Broadening thinking on students’ learning
By Philip Avery,
In 2017 I was awarded a Churchill Fellowship to research how cities attract and integrate immigrant entrepreneurs. Over two years, I travelled to 25 cities in Europe and North America to learn how various ecosystems had developed over time to support entrepreneurs and one pattern became clear – universities played an increasingly important role in nurturing entrepreneurship for both domestic and international students.
"Students should seek out ways to develop entrepreneurial skills as the job market remains uncertain." - Kajal Sanghrajka, Fellow
Last year, as Covid-19 and Brexit took hold in the UK, young people were hit particularly hard, with internships and graduate jobs disappearing and youth unemployment rising to levels not seen since the 1980s. Given ongoing uncertainty in the labour market, universities will play an ever more critical role in equipping students with the entrepreneurial skills needed to survive in a post Covid-19 world.
71% of millennials recognise that entrepreneurial skills - such as taking risks, resilience and adaptability - are important traits, but far fewer feel confident in these skills. Many students are anxious about their futures and want to be able to take charge of their own destinies, and so the demand for entrepreneurship courses has been increasing over the past five years. In parallel, entrepreneurship education has repeatedly been shown to boost confidence, employability and the longer-term success of businesses.
Over the past two years, I’ve had the opportunity to work with students and alumni at the London School of Economics to support the development of their start-up enterprises. As part of this role, I have been able to work on the design and launch of a six-month student accelerator programme to equip student and alumni entrepreneurs with the skills that they need. However, two days before we were due to launch the programme in a physical space, the world went into lockdown, leading us to create a fully virtual accelerator programme instead.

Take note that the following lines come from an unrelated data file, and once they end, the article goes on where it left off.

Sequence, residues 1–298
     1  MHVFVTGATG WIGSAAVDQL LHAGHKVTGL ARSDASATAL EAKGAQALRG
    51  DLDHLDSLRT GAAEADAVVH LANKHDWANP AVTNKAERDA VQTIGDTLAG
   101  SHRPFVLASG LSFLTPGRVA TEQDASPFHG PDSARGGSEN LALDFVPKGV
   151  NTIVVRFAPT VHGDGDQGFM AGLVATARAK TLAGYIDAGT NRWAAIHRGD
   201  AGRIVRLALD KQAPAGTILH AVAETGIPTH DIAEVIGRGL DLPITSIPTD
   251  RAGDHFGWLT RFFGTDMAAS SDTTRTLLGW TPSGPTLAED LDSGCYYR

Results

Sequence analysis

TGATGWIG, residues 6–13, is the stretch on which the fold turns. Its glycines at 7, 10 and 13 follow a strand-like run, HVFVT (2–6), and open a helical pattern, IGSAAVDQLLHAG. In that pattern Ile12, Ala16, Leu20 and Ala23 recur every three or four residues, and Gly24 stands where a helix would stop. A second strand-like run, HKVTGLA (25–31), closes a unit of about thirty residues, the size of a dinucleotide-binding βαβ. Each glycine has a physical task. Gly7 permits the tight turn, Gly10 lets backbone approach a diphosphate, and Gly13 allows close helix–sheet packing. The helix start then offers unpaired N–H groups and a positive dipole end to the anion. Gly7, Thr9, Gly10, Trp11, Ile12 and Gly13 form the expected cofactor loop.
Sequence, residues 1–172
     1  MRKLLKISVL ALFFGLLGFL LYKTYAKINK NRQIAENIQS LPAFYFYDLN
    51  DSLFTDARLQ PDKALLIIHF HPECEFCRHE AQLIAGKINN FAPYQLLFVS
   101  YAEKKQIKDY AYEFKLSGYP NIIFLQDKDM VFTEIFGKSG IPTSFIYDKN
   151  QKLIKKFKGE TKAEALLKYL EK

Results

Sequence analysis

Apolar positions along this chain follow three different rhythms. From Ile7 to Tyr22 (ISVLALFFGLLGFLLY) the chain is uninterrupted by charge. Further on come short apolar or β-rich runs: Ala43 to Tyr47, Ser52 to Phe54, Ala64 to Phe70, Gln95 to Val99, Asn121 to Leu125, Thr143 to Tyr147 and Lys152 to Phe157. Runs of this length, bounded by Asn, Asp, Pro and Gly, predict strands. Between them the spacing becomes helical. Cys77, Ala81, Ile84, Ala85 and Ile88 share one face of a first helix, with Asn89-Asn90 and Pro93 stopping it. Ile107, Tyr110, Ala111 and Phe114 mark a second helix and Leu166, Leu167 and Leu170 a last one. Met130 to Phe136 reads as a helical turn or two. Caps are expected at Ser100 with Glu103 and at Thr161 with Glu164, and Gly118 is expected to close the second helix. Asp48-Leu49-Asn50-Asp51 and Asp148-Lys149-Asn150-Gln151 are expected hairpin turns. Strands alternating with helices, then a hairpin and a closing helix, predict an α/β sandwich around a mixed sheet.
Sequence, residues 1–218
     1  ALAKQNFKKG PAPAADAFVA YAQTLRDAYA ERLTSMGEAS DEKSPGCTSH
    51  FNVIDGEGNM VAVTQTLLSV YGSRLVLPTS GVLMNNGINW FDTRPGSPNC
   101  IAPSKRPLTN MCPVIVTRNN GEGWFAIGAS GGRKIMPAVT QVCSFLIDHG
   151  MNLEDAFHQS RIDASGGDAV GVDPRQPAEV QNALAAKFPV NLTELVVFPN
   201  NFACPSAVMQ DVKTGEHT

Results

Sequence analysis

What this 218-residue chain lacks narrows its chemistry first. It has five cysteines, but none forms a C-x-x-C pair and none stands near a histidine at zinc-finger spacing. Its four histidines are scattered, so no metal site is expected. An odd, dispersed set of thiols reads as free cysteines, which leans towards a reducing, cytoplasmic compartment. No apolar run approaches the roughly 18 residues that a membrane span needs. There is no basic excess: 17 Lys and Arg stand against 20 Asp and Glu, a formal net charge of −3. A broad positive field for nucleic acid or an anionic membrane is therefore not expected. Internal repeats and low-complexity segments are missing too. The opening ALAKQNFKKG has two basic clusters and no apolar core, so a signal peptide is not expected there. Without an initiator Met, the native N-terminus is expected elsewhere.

Although our young entrepreneurs had to deal with a global pandemic, they managed to adapt quickly. Many launched digital versions of their business in a matter of weeks, and continued to build and pitch ideas. I saw how much more confident they became in just six months and was impressed by how the community of peer entrepreneurs came together to make a lasting impact. Despite the pandemic, our entrepreneurs hired 37 new people, including other university students who had lost their internships and jobs due to Covid-19.
After seeing the first-hand benefits of university entrepreneurial programmes, I have discovered that there are several actions that we can take to help mitigate the ongoing impact of the pandemic for students in the short and long term. Here are my recommendations:
My hope is that all university students are empowered with the entrepreneurial mindset and skills to work for themselves, should they choose to, especially as job opportunities remain uncertain at the moment. Social entrepreneur Muhammad Yunis once said, “All human beings are born entrepreneurs. Some get a chance to unleash that capacity. Some never got the chance or never knew that he or she has that capacity.” As my Fellowship research revealed, universities will be pivotal to unleashing that capacity.
The views and opinions expressed by any Fellow are those of the Fellow and not of the Churchill Fellowship or its partners, which have no responsibility or liability for any part of them.
By Philip Avery,
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